In Their Own Words: Water If You’re Wealthy Enough to Afford It

An interview with UUSC Researcher Amber Moulton

In the following interview, Amber Moulton, researcher in UUSC’s Programs, Advocacy, and Action Department, previews UUSC’s upcoming research survey on water affordability.

Why did UUSC choose to focus on water affordability in the upcoming research survey?

Affordability is one of the five main pillars of the human right to water, and it’s one of the biggest challenges to the human right to water in the United States. As Catarina de Albuquerque, the U.N. special rapporteur on the human right to water and sanitation, noted in her 2011 visit to the United States, the United States has done a substantially better job of providing people with clean, safe water than it has providing people with equitable access to affordable water.

The anecdotal evidence and the few studies that have been done on water affordability are really shocking. Roger Colton, one of our partners, has done a California-wide study that showed that if you were to take the standard for affordability, which is essentially 4% of the median household income in an area, and then look at the lowest part of the income spectrum, you find that there are people in some counties who would be paying up to 19% of their household income for their water bill. If you look at an average water bill for a family of four in U.S. major cities, you can do a very simple calculation using the federal poverty level and find that 15% of the population is very likely struggling to pay their water bill — and this is something that is absolutely essential to human life.

What is currently considered affordable is actually extremely inequitable for people in the two lower quintiles of the income spectrum. This is essentially what this water report is about: the problem of saying that you can be healthy, you can have the dignity associated with hygiene only if you’re wealthy enough to afford it. That’s unacceptable. We need to be recognizing water as a human right.

Has the research uncovered any effects of water unaffordability that might surprise people?

One of the things that can happen when people can’t pay their water bill is that their water will be shut off. When people have their water shut off, it makes their homes legally uninhabitable. That can factor into the state’s decisions to remove children and put them into foster care. Sadly and ironically, the system doesn’t currently subsidize or help families who need financial help to pay their bills, but it subsidizes the bills of a foster family. So, it can tear children apart from their parents.

It also has major health consequences. One of the things we saw in the mass water shutoffs in Detroit was that people who had catastrophic and chronic illness, including illnesses where they needed water for their treatment, were cut off from water just like everyone else, without any data being collected about who needed water and who was particularly vulnerable.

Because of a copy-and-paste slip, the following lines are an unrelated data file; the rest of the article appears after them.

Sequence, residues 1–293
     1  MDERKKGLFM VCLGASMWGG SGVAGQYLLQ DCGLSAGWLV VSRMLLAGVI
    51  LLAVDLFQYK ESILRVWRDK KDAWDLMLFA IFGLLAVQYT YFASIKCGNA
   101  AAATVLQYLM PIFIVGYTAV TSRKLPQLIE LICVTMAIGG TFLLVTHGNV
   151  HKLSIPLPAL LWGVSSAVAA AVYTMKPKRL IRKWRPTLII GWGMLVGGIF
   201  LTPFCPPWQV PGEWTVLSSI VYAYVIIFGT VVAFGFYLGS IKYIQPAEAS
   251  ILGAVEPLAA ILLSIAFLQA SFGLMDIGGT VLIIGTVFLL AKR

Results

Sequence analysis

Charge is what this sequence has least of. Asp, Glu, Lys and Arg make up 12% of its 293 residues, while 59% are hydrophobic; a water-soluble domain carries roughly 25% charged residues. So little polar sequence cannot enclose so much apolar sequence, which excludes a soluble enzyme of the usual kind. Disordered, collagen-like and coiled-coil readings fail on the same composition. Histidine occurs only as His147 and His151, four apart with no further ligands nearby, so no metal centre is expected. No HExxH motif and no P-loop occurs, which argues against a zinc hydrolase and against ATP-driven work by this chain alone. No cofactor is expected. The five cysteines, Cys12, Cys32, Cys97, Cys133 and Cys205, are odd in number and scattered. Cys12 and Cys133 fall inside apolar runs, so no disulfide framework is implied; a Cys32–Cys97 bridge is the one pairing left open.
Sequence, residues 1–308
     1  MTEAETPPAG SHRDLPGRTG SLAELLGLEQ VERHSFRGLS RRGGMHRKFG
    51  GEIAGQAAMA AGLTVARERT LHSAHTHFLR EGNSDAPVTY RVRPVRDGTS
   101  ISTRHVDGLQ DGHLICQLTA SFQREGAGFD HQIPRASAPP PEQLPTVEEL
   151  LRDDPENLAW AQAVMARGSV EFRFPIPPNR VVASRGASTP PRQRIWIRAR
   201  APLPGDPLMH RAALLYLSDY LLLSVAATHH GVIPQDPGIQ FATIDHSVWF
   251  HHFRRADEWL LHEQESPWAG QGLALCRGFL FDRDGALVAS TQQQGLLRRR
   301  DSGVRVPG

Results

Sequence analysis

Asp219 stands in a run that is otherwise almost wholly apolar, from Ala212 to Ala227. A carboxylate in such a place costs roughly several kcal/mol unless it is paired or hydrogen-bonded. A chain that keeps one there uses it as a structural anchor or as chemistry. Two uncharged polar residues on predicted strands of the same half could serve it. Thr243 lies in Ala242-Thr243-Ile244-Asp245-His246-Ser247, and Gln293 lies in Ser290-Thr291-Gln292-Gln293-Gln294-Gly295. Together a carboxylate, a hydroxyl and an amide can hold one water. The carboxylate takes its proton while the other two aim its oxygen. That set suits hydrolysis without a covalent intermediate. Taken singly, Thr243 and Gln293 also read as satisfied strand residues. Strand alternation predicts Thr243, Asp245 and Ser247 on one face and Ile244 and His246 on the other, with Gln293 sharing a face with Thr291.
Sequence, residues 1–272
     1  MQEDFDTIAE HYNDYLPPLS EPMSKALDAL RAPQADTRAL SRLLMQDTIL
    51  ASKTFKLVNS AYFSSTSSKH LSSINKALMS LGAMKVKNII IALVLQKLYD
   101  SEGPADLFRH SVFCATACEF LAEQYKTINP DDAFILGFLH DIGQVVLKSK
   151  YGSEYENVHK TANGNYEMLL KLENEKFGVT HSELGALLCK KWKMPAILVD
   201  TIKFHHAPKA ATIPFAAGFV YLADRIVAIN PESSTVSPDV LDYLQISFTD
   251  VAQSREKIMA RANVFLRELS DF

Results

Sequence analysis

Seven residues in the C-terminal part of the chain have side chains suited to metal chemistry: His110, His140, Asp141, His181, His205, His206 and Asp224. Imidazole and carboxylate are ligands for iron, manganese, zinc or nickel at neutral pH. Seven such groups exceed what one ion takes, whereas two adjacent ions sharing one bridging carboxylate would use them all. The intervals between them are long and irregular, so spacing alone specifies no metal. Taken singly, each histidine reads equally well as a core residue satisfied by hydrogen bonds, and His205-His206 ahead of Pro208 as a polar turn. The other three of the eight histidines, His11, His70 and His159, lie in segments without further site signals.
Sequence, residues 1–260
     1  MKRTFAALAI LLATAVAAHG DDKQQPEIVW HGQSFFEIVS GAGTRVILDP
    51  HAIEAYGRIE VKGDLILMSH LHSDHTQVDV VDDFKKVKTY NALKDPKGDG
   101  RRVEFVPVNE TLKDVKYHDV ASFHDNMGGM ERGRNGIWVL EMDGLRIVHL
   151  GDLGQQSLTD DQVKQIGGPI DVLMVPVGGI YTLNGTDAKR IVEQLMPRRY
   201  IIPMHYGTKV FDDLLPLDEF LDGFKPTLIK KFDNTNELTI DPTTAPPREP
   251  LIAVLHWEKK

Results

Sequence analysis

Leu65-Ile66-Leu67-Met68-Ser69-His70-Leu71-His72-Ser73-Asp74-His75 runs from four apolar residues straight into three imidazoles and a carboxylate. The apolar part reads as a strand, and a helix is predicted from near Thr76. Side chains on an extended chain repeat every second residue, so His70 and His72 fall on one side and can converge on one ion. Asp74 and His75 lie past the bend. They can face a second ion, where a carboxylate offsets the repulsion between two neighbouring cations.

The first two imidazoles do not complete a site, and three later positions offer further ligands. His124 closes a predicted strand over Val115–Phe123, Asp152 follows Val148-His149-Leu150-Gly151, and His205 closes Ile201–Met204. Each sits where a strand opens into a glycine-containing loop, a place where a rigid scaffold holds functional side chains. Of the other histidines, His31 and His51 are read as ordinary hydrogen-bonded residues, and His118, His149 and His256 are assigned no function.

In addition, there are any number of socially significant ways that health and hygiene are affected. So if you don’t have water — and we’ve seen specific cases of this in Detroit — you might stop cooking certain types of food that are significant in your culture, like pasta or rice, that use more water. You have people who can’t take showers and baths regularly, and of course there is social stigma that goes with that in workplaces and schools. Plus, women who are experiencing their period certainly also have a particular need for water.

And believe it or not, there’s also the risk of criminalization in many places. In Detroit, we found that people who turned their water back on can actually be charged with a crime. So those are some of the things we’re talking about when it comes to water unaffordability: You can lose your ability to live in your home, you can lose your children, you can lose your freedom.

You’ve mentioned Detroit. Where else is this happening?

We’ve seen mass water shutoffs recently in Baltimore, but this is actually standard operating procedure in many places — shutting off water is not banned. There are particularly egregious examples — communities where people in the lowest quintile of the income spread might be paying 20% of their income for water — but it really is happening throughout the United States. People who are hooked up to small water systems, with less than 100,000 people, as well as people in the largest metropolitan systems can be facing very unaffordable bills.

Certainly anyone who lives below the poverty threshold — or even twice that threshold — very likely is experiencing a struggle when it comes to paying their water bills. And often this is exacerbated by historical trends and trends in austerity measures — like the emergency management policy in Michigan — that are particularly disenfranchising low-income communities of color.